Wednesday, February 17, 2010

Typical nights at the telescope

The Keck Observatory control room 
Our observing team and observing support staff sitting in the Keck Observatory 
control room last week. Image Credit: M. Bolte
If you read enough comics (especially The Far Side),  you'll eventually come across a sketch of an astronomer at the telescope.  Inevitably, this astronomer is wearing a lab coat, sitting in a chair on the floor of the telescope dome, looking through an eyepiece and making notes in a notebook.  Add in the likelihood that these cartoon astronomers are inevitably male and that the telescope sticks out the slit in the dome, and you have the picture that most people have when they think of astronomers.  (Here's a good example incorporating almost all of those stereotypes: Off The Mark from January 16 2006).
However, this stereotype of astronomers and telescope observing is almost completely wrong.

Here's a more typical view of the modern astronomer taking data at the telescope:
 Magellan telescope control room 
This is Dr. Ivelina Momcheva, an astronomer at the Carnegie Observatories, taking data with the Magellan Telescopes at Las Campanas Observatory, Chile, in February 2003.  You'll note that Dr. Momcheva is not in a lab coat on a dome floor looking through an eyepiece (nor is she a balding middle-age male).  Rather, she is sitting in front of a large bank of computer monitors, watching digital images from the high-tech cameras download from the telescope.  The telescope itself is in an angular dome behind the room wall, isolated from the heat and electronic noise of the control room.
A typical night of observing starts well before dark; in fact, it starts months beforehand when we apply to use a telescope.  These applications, which we call proposals, specify what science we want to do, what objects we want to look at, and which telescope and instrument we want to use to take our data.  A committee then evaluates each proposal on its scientific merits and technical feasibility, and time on the telescopes is allocated to the best proposals.  Typical observing runs can be as short as a single night (especially on high-demand telescopes like the Keck Observatory) to as long as a week or two.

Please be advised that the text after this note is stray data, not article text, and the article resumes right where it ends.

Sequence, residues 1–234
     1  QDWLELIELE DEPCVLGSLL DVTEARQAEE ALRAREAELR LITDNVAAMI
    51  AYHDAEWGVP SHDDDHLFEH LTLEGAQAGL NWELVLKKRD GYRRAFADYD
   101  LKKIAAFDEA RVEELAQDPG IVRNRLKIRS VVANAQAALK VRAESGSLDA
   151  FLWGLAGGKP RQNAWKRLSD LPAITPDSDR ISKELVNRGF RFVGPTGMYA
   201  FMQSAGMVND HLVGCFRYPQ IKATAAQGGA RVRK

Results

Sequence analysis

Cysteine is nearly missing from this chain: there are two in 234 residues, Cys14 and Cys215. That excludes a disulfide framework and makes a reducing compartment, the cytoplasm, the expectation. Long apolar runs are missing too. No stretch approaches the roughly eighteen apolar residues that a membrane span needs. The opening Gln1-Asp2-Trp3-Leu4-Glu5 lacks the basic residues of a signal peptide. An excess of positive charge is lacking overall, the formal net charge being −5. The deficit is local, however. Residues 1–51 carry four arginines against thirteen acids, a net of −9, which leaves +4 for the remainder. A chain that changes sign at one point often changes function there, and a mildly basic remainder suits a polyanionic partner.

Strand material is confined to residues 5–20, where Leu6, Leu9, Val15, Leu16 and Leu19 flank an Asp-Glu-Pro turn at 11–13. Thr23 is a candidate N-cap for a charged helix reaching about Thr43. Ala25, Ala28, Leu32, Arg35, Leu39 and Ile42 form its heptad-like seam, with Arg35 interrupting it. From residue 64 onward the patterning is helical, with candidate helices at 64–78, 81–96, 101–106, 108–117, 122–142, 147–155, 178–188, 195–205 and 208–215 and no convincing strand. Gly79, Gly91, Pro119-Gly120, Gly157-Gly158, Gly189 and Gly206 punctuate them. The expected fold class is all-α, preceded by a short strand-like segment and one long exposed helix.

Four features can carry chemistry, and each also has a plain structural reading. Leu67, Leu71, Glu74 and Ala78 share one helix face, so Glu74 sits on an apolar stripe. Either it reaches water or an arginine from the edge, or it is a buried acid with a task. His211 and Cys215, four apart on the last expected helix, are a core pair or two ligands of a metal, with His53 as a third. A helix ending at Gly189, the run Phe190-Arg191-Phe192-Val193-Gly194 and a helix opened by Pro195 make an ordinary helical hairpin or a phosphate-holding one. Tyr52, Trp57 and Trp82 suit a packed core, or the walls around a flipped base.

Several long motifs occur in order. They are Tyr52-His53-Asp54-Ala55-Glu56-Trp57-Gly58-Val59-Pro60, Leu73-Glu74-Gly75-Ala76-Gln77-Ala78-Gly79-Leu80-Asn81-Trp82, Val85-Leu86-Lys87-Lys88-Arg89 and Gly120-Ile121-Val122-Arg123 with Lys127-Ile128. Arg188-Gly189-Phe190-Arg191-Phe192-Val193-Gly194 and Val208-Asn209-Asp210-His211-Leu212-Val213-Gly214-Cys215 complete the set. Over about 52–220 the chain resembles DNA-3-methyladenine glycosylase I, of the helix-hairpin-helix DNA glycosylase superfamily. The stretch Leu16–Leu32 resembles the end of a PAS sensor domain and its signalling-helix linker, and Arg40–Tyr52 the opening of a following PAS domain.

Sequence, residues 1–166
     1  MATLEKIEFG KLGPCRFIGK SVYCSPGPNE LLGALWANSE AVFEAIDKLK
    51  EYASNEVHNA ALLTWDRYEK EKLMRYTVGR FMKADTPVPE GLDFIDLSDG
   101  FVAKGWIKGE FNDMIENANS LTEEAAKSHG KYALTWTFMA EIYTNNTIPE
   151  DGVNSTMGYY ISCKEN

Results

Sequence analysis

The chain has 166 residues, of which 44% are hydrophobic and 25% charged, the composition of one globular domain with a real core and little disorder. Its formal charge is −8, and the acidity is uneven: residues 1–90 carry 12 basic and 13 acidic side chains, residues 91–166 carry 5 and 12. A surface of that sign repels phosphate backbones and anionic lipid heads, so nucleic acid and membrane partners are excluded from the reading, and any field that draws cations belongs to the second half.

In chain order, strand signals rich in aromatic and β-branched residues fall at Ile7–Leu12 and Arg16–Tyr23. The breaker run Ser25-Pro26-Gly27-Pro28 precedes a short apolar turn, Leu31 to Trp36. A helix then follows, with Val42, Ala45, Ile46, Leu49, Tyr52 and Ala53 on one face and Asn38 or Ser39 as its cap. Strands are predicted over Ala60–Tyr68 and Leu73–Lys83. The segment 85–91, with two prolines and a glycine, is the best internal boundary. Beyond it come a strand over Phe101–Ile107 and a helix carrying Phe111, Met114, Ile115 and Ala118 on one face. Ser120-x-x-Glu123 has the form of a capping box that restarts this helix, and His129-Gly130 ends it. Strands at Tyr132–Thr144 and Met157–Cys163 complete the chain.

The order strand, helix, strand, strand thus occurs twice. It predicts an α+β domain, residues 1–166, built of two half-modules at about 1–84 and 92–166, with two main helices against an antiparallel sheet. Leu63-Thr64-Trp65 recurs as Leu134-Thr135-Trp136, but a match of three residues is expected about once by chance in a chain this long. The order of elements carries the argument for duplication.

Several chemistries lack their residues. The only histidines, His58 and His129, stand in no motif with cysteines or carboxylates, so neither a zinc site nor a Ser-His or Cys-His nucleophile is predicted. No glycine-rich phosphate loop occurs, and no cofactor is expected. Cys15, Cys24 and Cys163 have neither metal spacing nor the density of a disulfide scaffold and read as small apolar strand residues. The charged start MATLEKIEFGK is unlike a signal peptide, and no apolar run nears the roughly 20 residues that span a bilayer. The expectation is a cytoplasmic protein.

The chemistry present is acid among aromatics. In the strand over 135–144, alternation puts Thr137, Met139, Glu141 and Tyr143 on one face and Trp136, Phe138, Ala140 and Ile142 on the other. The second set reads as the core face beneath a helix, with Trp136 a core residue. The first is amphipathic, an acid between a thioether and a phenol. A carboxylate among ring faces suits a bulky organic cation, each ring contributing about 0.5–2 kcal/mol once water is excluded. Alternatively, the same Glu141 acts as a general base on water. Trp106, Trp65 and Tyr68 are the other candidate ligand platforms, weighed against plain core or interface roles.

When an observing run draws near, we sit in our offices and make detailed plans.  What objects are we going to look at on each night?  How long do we need to look at each object?  What do we do if the weather is bad, and how do we prioritize our observations?  We prepare charts to help us find our targets.  We check to see if there are any recent changes to observing procedures or to the camera we will be using.  And then we have to travel to the observatory, a trip that can be as short as walking down the hall to a remote control room or as far as the other hemisphere of the planet.  Here in Austin, it involves an 8-hour drive across the plains and deserts of Texas.

In the afternoon before our first night, we go to the telescope control room and learn or re-familiarize ourselves with the camera and telescope controls.  At many observatories, staff control the telescope movements, as it would be dangerous to let sleep-deprived, occasional users of a telescope play with tens or hundreds of millions of dollars worth of equipment.  We then get to work taking whatever calibration data we need.  This data is often some of the most crucial images we take, but they are also incredibly boring: pictures of blank white screens, exposures where we keep the camera shutter closed, and pictures of lamps taken through the filters and spectrometers we'll be using during the night.  Each of these calibrations has their own purpose, and they have to be taken carefully.

After a break for supper and sunset, we can finally begin to take the pictures and spectra of our target stars, galaxies, and planets.  The telescope and camera take minutes- to hours-long exposures while we sit in front of a computer, drink coffee, check email, write papers, blog, and check the quality of any completed exposures.  We keep an eye on the quality of our data, the time of night, and the weather conditions.  And we steadfastly refuse to wear lab coats.

Most people would probably find typical observing nights boring.  Most of our discoveries will come later, back in the office, after careful analysis of the data we took.  "Eureka!" moments at 3am are rare, though they do happen from time to time.

1 comment:

  1. Oh Kurtis.... now you've really spoiled it.

    Here I am, for years I've been trying to encourage my students to think of me as some wild eyed, slightly eccentric, but loveable scientist who dreams of finding other lifge forms on a distant planet.

    And in a few paragraphs, you've turned me into a slightly boring techno geek who wouldn't know a eureka moment if it bit him.